About collaborative working wiki
Below is the version of this page from Mar 01, 2012 02:44 PM
Collaborative working (knowhow)
An introduction to working with other organisations including getting started and top tips.
What is collaborative working?
Organisations in the voluntary and community sector collaborate in many different ways, including:
- informal sharing of information and resources
- developing bulk purchasing arrangements
- developing joint functions such as IT services or voice and advocacy roles
- forming consortia to jointly tender for commissioned service delivery
- setting up a strategic alliance for joint business planning purposes.
The benefits of successful collaboration include greater efficiency and use of resources, improved services, a stronger voice and influence and organisational sustainability.
Key stages of collaboration
Successful collaborative working does require investment of time and resources. Good preparation and an understanding of the processes involved will, no doubt, bring about a greater chance of success.
Think carefully whether collaborative working is appropriate for your organisation. Be clear about your own goals and understand your strategic environment. This will help you in identifying and approaching your partners.
Work closely with your partners to develop your collaboration. Draw up shared aims, structures and agreements and develop positive relationships.
Manage the collaboration effectively with a strong action plan and communications plan. Prepare yourself for any possible frustrating times ahead by building in effective problem solving and understanding some of the key challenges that may arise.
Review and learn from your collaborative experience and use your learnings to prepare a forward strategy.
Ten top tips for collaboration
- Think about why you want to collaborate - collaboration needs to be driven by a sensible need.
- If you want to work with new partners, seek out organisations that complement your skills and objectives. Get recommendations from others who have worked with them.
- Join a network that can support you in developing links. But don’t underestimate the time and energy required to create and nurture a partnership.
- Don’t rush. Take time to build the relationship and make sure you have processes and partnership agreements in place before you undertake joint activities.Think short-term and long-term. It’s useful to have a short-term benefit, as it gets people round the table, but collaboration is about being in it for the long haul.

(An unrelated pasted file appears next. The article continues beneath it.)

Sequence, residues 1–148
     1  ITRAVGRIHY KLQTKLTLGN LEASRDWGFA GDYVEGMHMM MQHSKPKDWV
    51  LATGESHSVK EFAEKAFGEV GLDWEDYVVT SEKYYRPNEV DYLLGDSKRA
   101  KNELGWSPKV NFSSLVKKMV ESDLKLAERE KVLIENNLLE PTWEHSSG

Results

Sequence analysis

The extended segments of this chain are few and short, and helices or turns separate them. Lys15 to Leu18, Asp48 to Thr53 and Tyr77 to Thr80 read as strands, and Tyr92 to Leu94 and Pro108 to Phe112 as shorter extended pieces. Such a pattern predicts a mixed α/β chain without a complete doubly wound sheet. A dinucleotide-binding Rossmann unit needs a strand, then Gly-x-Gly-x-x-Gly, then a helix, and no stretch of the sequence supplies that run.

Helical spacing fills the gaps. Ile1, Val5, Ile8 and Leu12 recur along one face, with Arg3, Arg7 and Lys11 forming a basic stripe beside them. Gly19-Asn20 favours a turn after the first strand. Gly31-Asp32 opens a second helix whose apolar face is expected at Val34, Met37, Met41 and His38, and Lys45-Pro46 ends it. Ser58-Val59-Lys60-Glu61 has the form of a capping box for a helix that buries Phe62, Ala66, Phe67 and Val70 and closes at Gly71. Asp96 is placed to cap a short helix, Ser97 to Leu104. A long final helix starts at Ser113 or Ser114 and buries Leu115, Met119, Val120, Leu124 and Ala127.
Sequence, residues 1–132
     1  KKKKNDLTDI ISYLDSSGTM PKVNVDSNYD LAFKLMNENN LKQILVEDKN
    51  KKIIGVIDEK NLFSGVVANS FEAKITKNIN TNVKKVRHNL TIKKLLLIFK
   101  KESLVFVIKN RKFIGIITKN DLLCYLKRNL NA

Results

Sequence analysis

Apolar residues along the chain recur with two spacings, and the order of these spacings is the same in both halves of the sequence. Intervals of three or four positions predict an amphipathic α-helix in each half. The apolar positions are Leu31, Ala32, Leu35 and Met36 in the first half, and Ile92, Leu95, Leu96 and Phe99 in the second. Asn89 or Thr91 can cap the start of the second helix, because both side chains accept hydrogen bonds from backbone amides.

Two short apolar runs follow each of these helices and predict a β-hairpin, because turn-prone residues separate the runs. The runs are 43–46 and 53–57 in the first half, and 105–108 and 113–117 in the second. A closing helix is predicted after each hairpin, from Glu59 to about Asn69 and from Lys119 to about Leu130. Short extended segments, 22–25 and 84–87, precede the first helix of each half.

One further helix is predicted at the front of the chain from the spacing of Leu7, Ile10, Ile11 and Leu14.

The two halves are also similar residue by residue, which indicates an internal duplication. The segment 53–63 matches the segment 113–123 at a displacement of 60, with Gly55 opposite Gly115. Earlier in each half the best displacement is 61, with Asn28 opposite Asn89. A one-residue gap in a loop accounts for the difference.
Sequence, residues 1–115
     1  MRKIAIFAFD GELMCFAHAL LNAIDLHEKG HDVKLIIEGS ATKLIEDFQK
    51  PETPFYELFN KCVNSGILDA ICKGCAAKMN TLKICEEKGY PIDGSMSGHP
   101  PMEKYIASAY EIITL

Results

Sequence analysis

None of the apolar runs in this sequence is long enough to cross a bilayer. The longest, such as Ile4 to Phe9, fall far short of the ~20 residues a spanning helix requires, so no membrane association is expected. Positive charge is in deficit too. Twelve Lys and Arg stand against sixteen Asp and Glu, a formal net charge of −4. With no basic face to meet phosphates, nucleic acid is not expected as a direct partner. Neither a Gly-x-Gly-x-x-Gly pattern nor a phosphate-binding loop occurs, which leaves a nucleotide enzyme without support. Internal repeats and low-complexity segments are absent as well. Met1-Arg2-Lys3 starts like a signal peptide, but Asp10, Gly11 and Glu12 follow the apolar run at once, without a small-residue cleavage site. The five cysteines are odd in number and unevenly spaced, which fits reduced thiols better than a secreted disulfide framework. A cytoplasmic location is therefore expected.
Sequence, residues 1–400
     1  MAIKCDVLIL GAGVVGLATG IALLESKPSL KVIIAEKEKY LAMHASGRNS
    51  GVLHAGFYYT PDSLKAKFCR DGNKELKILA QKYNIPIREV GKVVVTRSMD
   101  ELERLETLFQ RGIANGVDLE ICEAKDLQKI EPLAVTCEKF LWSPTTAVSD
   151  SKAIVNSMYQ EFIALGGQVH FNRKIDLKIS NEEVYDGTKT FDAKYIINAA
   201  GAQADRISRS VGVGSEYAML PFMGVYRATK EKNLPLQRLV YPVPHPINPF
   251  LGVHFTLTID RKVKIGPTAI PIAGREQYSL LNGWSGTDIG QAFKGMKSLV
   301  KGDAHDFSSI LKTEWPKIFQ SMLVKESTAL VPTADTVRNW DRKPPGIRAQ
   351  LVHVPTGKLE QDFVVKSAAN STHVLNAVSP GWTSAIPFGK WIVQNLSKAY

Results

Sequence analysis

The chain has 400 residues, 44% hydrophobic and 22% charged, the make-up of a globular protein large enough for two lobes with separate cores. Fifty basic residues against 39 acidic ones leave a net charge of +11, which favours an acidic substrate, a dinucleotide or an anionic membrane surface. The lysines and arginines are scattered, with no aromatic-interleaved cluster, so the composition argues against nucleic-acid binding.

- Think laterally and strategically. People sometimes work in silos – we need to be more visionary and think beyond the interests of our own organisations and about the interests of those we want to serve.
- A clear, fair and transparent system for allocating funds to partners is essential.
- Building up internal partnership goodwill is crucial (early internal and external mini-successes help!) Set aside time for people to get to know each other.
- Recognise that building a good partnership is extra work and that saying thank you is important.
- Listen carefully to voices outside the partnership too. There’s a lot of benefit to be gained from hearing how other people perceive you. Spend time with your key stakeholders to ensure they understand the full depth and vision of the partnership.
(Taken from Bassac's collection of case studies)
- Collaboration for Commissioning (Locality)
- Charity Commission guidance on Collaborative Working and Mergers
- Improvement and Development Agency (IDeA) -information on cross-sector partnership working
- Institute for Voluntary Action Research (IVAR) - action research with particular expertise in collaborative working and mergers. Two particularly good publications: Getting ready for collaboration - learning from experience and Thinking About ... Merger
- NCVO Collaborative Working - advice, information and guidance materials.
- Guardian Voluntary Q&A charity mergers and collaborations best bits (August 2011)
- How to collaborate (KnowHow howto guide)
Have your say
- What have you learnt about collaborative working that you could pass on to others?
- What are the things that cause partnerships or collaborations to go wrong?
- What advice would you give to organisations thinking about starting to work collaboratively?
Share your experiences or views on the organisation development forum.